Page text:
BNEF: Improved standards needed for carbon credit prices

In its 2024 Carbon Market Outlook, an influential analyst report highlights the crucial role of quality standards in driving the prices of carbon offsets within the Voluntary Carbon Market (VCM). The report underscores that without the implementation of more robust and stringent standards, the current stagnation in carbon offset prices is likely to persist.

The analysis quantifies the potential impact of adopting more rigorous standards on the VCM, emphasizing the correlation between quality assurance and market dynamics. Historically, the VCM has operated with varying degrees of quality assurance, leading to concerns regarding the credibility and integrity of carbon offsets traded within the market.

By quantifying the potential impact, the report provides stakeholders with valuable insights into the economic implications of adopting enhanced standards. It highlights that a shift towards more stringent quality standards could bolster investor confidence, enhance market transparency, and ultimately drive demand for high-quality carbon offsets.

Moreover, the report sheds light on the broader implications of stagnant carbon offset prices within the VCM. It underscores the significance of a healthy and robust carbon market in incentivizing emission reduction initiatives and mobilizing climate finance. Without adequate price signals reflecting the true value of carbon offsets, the effectiveness of the VCM in driving emissions reductions and supporting climate action could be compromised.

A Carbon Market Outlook for 2024 published this week by Bloomberg New Energy Finance (BNEF) warns the price of carbon offset credits could remain as low as just $13 a tonne by 2030 without better regulation and standards across the sector.

Under this scenario, the supply of credits is expected to outstrip demand, with the resulting gap leading to prices at the end of the decade “not much higher” than today’s levels.

However, if a “robust, universal definition of high quality [offsets]” is established, credit prices could rise to $20 per tonne by the end of this decade, the analyst said.

Meanwhile, credit prices could skyrocket to $146 a tonne by 2030 if the voluntary market is restricted to only carbon removals, such as reforestation, regenerative agriculture, direct air capture, and bioenergy and carbon capture and storage projects, according to BNEF.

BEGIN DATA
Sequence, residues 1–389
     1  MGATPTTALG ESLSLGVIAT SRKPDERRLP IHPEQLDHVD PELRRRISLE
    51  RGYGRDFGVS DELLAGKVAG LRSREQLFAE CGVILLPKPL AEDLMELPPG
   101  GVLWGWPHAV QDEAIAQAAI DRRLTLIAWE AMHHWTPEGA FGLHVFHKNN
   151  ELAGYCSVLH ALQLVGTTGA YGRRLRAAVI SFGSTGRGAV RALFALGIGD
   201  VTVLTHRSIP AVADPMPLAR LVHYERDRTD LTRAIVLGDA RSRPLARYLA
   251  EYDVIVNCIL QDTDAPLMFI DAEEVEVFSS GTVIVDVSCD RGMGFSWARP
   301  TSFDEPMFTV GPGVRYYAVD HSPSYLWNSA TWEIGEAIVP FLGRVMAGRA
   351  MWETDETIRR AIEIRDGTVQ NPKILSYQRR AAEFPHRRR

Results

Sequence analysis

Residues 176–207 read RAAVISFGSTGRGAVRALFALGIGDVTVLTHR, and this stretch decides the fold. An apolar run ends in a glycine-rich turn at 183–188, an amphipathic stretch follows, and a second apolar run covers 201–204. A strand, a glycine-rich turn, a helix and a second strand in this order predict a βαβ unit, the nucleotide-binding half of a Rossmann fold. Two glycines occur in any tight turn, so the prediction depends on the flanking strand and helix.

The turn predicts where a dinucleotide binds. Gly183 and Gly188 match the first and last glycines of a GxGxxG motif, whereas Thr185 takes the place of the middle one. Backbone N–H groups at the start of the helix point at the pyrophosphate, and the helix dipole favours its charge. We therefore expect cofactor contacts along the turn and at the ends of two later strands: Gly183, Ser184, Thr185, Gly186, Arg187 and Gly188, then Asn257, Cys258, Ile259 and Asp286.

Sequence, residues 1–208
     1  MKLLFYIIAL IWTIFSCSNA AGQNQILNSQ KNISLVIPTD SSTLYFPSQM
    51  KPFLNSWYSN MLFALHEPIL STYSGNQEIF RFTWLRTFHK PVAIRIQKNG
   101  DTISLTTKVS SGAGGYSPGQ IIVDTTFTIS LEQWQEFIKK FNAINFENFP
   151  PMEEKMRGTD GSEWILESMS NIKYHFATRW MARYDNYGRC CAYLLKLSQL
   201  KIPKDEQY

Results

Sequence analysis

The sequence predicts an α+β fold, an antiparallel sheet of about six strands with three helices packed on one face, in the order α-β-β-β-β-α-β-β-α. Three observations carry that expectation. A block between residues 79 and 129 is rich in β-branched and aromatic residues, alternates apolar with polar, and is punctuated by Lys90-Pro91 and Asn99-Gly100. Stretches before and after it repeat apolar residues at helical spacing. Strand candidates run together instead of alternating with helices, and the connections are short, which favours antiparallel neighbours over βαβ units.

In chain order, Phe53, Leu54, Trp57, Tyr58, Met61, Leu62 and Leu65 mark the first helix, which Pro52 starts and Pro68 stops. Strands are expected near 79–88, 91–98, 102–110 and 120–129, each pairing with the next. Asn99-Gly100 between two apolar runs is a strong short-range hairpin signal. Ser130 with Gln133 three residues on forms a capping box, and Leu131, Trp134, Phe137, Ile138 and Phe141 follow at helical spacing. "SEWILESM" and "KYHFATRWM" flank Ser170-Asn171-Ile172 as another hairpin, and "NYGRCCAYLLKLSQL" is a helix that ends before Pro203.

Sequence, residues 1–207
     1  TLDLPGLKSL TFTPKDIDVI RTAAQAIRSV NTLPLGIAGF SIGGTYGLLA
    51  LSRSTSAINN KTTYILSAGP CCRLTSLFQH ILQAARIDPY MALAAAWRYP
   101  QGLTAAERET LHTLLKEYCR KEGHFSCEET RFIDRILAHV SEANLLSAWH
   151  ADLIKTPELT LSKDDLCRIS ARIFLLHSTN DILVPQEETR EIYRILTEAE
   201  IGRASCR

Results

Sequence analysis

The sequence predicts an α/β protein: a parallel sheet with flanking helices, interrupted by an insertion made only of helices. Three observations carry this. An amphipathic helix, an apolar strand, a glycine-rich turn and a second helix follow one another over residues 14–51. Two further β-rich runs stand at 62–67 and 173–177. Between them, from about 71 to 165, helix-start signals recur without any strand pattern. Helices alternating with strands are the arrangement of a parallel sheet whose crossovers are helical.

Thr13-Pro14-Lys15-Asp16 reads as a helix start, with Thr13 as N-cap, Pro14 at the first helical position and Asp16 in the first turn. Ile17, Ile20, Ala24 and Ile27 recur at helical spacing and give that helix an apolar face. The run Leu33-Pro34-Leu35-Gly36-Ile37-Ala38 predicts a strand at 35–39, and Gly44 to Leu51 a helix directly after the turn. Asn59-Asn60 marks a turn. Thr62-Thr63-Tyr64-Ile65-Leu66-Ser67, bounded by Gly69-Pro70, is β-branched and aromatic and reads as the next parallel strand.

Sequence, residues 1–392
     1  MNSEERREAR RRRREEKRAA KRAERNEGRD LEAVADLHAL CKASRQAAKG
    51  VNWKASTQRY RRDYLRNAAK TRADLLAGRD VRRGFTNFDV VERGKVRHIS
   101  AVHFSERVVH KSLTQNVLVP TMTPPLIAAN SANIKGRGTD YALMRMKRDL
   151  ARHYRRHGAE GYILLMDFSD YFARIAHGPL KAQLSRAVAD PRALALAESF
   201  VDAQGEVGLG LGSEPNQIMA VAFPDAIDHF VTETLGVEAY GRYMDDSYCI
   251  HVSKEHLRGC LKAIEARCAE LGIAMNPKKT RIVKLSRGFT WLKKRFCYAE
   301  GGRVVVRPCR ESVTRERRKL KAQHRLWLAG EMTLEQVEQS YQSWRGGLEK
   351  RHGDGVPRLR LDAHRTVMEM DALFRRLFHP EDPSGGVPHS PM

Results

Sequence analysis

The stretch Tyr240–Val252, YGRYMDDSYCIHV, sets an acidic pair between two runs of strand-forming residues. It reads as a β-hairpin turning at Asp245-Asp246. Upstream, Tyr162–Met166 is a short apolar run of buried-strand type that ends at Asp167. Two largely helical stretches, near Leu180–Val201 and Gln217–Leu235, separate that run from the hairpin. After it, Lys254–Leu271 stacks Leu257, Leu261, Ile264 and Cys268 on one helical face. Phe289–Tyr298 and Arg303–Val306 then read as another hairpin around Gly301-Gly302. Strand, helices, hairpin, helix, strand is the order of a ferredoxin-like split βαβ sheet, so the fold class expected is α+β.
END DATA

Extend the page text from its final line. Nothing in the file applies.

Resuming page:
Concerns are mounting that carbon markets could fail to deliver on their objective of providing a vital source of climate finance for projects that can cut emissions, enhance climate resilience, boost biodiversity, and remove greenhouse gases from the atmosphere, in the wake of a string of scandals over projects failing to deliver promised emissions reductions and an ongoing row between governments over the rules governing international carbon trading.

At the COP28 Climate Summit in December, countries failed to agree on rules which could have raised standards across voluntary and compliance carbon markets. Discussions will be picked up again at the COP29 Climate Summit in Baku, Azerbaijan later this year.

Governance and standards bodies across the VCM are working to restore confidence in the sector through the adoption of a series of new standards designed to provide more robust evidence projects are delivering promised emissions savings.

Elsewhere in its report, BNEF predicted carbon prices across compliance markets around the world will “inch closer together” as more mature schemes – like the EU’s Emissions Trading Scheme (ETS) – see their prices cool and newer programmes record new highs.

BNEF forecasts carbon prices in the EU will average €71 per ton this year, down from €85 in 2023, before rallying towards €149 per ton in 2030 as the supply of allowances is restricted.

It also notes that compliance markets could soon take on more of the characteristics of voluntary markets, given the emergence of compliance programmes that could allow for the use of carbon removal credits.

Established schemes, such as in the EU and the UK, avoid carbon offset credit usage largely because of concerns over the integrity of such projects. But newer markets, including those in the US state of Washington, as well as those in mainland China and Mexico, have agreed to allow some offset credit usage to fulfil compliance obligations.

Meanwhile, the EU is exploring if carbon removal credits could be integrated into it ETS.

The report is published just a week after data from the London Stock Exchange Group revealed the UK’s compliance market saw its value drop by 22 per cent in 2023 in response to a weakening green policy environment.

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